In June following graduation, she joined The Dallas Morning News and worked for three years as a city staff reporter. She left for Fort Worth after her marriage in 1952 to Ray H. Greene, then a Fort Worth Star-Telegram reporter. In 1953 they accepted an invitation to move to Gilmer and join the family business.
While the Greene children, Sally and Russ, were small she worked mostly as a reporter, feature writer and proof reader, gradually taking on more duties as they grew up.
She became co-publisher after the death of her father in 1974. Daughter Sally is vice president of the family corporation. She lives in Chapel Hill, N.C., with her husband, Paul Jones, and son, Tucker.
Greene twice received the Anson Jones Award of the Texas Medical Association for outstanding reporting of medical news.
She received Texas Press Association’s Golden 50 Award in 1999 for her five decades of service in the newspaper industry in Texas. The Gilmer native is the second woman elected to serve as TPA president.
She was president of North and East Texas Press Association in 1989-90. In 1996 the Association for Women Journalists, at a banquet in Dallas, honored her and 89 other “trailblazers” with a “Woman of Courage” award for showing “leadership, tenacity and integrity in working to improve conditions for women both in and out of the profession.”
The Mirror is the oldest business institution in Upshur County, so Mrs. Greene has naturally had an interest in local history and folklore.
She has presented papers for the Texas Folklore Society, of which she served as president in 1985, the Texas State Historical Association and the East Texas Historical Association.
Mrs. Greene attended her first Texas Press Association convention at Galveston in 1949. Dinner at the Balinese Room, reached by walking through a casino, is her most lasting memory.
But before another decade had passed, she had learned how essential the association would be in keeping her abreast of the always-changing newspaper industry.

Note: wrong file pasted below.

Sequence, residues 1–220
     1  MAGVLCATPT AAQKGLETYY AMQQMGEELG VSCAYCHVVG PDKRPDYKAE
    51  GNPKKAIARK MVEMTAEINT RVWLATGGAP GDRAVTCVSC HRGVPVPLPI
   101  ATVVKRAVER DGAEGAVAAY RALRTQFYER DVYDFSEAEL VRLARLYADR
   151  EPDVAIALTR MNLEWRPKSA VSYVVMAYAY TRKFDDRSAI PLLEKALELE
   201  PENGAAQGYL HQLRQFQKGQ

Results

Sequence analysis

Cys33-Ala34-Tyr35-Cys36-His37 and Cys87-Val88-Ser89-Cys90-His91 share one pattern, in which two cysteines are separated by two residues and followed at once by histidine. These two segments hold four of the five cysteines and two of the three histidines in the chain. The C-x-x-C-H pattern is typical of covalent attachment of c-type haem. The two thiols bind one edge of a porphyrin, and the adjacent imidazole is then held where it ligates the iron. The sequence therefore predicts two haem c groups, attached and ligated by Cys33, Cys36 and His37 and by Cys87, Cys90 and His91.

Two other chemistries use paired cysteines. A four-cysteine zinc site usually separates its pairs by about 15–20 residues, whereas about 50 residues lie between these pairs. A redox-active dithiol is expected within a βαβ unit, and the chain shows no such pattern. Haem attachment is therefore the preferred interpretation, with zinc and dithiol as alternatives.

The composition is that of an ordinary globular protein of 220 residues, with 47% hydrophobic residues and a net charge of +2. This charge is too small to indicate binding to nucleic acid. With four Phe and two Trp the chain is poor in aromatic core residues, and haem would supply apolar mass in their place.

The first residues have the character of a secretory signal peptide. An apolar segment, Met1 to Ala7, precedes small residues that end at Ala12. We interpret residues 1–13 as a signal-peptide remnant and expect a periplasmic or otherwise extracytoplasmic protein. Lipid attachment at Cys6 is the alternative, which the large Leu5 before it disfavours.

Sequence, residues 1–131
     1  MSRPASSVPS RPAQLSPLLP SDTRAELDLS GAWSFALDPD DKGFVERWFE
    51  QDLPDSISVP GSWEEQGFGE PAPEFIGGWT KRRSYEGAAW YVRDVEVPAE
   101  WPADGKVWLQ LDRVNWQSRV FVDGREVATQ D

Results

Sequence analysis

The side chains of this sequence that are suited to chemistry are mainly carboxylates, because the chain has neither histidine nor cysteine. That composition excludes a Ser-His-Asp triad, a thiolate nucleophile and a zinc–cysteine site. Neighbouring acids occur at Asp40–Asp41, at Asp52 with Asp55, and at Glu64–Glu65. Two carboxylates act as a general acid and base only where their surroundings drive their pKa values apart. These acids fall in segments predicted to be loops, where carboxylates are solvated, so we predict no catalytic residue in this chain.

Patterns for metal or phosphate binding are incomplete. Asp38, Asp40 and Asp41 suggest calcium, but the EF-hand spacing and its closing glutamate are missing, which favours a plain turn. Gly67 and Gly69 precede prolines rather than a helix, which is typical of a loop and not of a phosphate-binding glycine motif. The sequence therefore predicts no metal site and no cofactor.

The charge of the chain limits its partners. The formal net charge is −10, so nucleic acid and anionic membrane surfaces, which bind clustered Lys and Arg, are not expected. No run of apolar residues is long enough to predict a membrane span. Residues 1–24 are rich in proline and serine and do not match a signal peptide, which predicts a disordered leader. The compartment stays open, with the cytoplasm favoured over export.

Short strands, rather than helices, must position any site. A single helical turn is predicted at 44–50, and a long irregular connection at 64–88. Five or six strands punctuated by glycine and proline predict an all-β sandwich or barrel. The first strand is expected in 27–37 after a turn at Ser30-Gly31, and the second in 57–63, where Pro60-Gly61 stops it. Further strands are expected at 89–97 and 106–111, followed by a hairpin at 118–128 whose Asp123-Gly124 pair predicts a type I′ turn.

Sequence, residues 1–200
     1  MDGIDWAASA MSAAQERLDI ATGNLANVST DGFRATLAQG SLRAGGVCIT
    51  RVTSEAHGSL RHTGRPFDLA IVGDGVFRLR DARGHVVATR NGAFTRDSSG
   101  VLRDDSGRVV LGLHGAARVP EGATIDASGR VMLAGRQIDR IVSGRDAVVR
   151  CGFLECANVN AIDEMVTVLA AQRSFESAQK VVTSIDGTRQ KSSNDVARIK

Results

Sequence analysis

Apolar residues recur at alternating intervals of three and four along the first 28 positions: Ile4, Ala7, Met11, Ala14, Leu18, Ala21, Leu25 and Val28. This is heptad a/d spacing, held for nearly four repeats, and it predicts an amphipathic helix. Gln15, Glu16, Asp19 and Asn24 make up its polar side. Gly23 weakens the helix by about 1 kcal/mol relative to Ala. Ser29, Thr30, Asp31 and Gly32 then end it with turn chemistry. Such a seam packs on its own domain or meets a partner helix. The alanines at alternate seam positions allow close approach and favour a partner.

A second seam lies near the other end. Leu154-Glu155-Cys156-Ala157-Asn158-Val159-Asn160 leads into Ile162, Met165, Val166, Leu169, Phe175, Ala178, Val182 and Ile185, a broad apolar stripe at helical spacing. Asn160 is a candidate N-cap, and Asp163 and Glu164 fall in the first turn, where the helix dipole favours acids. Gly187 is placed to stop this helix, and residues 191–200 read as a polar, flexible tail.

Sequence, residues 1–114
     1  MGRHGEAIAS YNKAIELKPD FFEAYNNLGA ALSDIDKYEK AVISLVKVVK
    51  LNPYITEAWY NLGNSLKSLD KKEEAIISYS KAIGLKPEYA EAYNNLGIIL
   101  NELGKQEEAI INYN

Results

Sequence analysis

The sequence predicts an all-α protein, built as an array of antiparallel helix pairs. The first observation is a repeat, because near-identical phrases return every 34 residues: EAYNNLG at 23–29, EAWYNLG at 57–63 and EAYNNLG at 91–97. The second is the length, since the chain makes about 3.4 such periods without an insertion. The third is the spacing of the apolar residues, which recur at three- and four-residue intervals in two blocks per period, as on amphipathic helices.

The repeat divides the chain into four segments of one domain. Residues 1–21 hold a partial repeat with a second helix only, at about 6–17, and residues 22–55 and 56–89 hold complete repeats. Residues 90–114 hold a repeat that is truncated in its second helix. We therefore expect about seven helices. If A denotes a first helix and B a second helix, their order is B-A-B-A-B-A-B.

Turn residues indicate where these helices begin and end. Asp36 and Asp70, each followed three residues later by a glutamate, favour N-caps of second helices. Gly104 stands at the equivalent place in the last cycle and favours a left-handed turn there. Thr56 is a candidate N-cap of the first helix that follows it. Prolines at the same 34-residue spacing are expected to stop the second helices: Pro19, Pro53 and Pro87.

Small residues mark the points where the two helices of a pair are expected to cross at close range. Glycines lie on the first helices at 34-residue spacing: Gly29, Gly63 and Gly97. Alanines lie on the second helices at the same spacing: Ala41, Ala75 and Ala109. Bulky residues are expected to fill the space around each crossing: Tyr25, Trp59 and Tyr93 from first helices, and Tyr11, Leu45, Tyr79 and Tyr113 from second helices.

Regular attendance at the North and East Texas Press Association conventions lead to her being a director and, in 1986, president. She served on the board and the ladder of offices before becoming TPA president in 1986. She was the TPA representative to the National Newspaper Association for three years, ending with the 1997 Fort Worth convention when Roy Eaton, then owner and publisher of the Wise County Messenger in Decatur, was NNA president.
The biographical profiles of the other three 2010 recipients are online at www.gilmermirror.com and also at www.tnf.net.
Fred V. Barbee Jr., Ben R. Ezzell, Jesse H. Jones and Jerry Tidwell were the 2009 inductees into the TNF Hall of Fame.
Amon G. Carter Sr., Walter Buckel, Alvin Holley and Harold Hudson were inducted in 2008.
Texas Newspaper Foundation is a 501(c)(3) non-profit corporation. Its purpose is to sponsor educational short-courses for working newspaper journalists in Texas.
BIOGRAPHIES OF OTHER 2010 TNF Hall of Fame Inductees:
GEORGE BANNERMAN DEALEY
George Bannerman Dealey, born in England in 1859, immigrated to Galveston at age 11 with his parents, four brothers and four sisters. He began to work at the Galveston Daily News as an office boy in 1874, replacing his brother Thomas W. Dealey, who had been promoted by Alfred H. Belo, publisher.
By 1885, Thomas was an officer of the reincorporated A.H. Belo & Co., and Belo sent G.B. Dealey to Dallas to oversee the start-up of the Dallas Morning News. The Dallas and Galveston newspapers had their own local staffs and writers but shared a network of correspondents around the state. The company used leased telegraph lines to send copy the 315 miles from Galveston to Dallas, thus establishing the first "newspaper chain."